Electronic Thesis and Dissertation Repository


Master of Engineering Science


Chemical and Biochemical Engineering


Paul Charpentier


Graphene has emerged as a subject of tremendous scientific interest due to its exceptional electrical, mechanical and thermal properties. When incorporated into a polymer matrix, graphene sheets can significantly improve the properties of the host polymer. However, the dispersion of pure graphene throughout a polymer matrix is not homogeneous, due to the strong van der Waals interactions between graphene sheets and the difference in surface compatabilities. To prevent agglomeration of these graphene sheets, surface functionalization is required. The goal of this thesis was to develop a facile approach for growing polymer chains from the surface of graphene sheets via reversible addition-fragmentation chain-transfer (RAFT) polymerization.

Graphene oxide was synthesized by reacting graphite with potassium permanganate and concentrated sulfuric acid. The oxidation and exfoliation of graphite was investigated using FTIR, TEM, and AFM studies. For the methodology of growing polymers from graphene surfaces, polydopamine was coated on graphene oxide as a platform for subsequent “grafting from” RAFT polymerization. This was possible as polydopamine has available hydroxyl groups that can react with carboxylic groups of the RAFT agent via ester linkages. During the formation of polydopamine coating on graphene oxide, graphene oxide can be simultaneously reduced by the released electrons generated by self-polymerization of dopamine. The reduction of graphene oxide was determined by FTIR, UV/Vis, and XPS analysis.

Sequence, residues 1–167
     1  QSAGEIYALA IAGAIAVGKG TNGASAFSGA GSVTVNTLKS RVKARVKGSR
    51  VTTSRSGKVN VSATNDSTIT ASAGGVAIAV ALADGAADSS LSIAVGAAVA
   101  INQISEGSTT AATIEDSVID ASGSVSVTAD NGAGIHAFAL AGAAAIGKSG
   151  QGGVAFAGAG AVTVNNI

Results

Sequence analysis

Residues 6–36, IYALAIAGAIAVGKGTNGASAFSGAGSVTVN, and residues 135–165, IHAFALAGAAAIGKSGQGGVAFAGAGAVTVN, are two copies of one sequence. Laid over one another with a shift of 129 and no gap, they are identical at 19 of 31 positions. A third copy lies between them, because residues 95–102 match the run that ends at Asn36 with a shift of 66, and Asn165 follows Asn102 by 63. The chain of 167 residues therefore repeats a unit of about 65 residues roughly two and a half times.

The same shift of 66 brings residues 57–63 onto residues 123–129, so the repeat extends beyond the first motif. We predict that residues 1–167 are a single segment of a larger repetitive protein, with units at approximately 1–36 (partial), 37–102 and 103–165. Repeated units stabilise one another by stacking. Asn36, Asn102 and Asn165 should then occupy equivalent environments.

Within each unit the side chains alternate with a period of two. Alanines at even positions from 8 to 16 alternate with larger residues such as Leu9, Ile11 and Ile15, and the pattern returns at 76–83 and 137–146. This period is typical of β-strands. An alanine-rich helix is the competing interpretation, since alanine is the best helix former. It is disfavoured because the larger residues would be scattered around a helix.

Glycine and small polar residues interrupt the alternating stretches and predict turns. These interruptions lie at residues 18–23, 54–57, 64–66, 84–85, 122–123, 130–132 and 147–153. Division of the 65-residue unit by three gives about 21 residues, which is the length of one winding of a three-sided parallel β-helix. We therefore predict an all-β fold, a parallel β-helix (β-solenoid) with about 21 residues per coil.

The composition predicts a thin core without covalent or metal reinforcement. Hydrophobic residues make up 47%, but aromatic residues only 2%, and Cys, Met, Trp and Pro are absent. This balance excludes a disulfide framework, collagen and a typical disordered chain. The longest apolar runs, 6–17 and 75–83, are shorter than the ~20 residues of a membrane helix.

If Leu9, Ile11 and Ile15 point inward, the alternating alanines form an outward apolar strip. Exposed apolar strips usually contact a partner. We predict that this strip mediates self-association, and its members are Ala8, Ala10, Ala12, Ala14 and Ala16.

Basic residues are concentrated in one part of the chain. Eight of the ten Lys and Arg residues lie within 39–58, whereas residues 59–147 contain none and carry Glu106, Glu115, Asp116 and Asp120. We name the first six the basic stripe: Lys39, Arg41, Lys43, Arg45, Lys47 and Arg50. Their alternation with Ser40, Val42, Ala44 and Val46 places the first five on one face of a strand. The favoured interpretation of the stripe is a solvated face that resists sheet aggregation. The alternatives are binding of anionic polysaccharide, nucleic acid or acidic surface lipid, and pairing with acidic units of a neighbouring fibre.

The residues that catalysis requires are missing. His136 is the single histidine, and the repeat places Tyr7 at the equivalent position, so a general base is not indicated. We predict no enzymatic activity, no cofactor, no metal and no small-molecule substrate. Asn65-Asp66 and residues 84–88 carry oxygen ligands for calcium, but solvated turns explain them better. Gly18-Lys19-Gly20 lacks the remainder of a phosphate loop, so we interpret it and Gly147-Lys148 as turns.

For growing the polymer chains from the graphene surface, the living radical polymerization methodology, RAFT polymerization, was investigated. The RAFT agent, S-dodecyl-S’-(α,α’-dimethyl-α’’-acetic acid)trithiocarbonate, having an available carboxyl group, was chosen to anchor onto the polydopamine coating and then grow chains of PS, PMMA, PNIPAM, and PtBA from this modified surface. The livingness of the polymerization was verified by GPC characterization. The additional free RAFT agents in the reaction system could enhance the control of the polymerization on PDA/RGO surface and in solution as measured by GPC. The polymer grafted polydopamine/reduced graphene oxide (PDA/RGO) nanocomposites showed excellent dispersibility in several organic solvents. The final polymer matrix dispersed of functionalized reduced graphene oxide showed higher maximum decomposition temperature measured by TGA, indicating better thermal stability.